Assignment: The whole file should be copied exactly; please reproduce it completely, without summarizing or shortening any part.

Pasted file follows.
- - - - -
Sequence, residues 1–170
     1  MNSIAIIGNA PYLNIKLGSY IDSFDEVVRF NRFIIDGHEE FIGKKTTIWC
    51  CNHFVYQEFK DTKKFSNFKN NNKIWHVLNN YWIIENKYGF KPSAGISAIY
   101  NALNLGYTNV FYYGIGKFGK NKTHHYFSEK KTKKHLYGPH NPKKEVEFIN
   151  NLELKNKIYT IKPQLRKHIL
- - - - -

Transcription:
Sequence, residues 1–170
     1  MNSIAIIGNA PYLNIKLGSY IDSFDEVVRF NRFIIDGHEE FIGKKTTIWC
    51  CNHFVYQEFK DTKKFSNFKN NNKIWHVLNN YWIIENKYGF KPSAGISAIY
   101  NALNLGYTNV FYYGIGKFGK NKTHHYFSEK KTKKHLYGPH NPKKEVEFIN
   151  NLELKNKIYT IKPQLRKHIL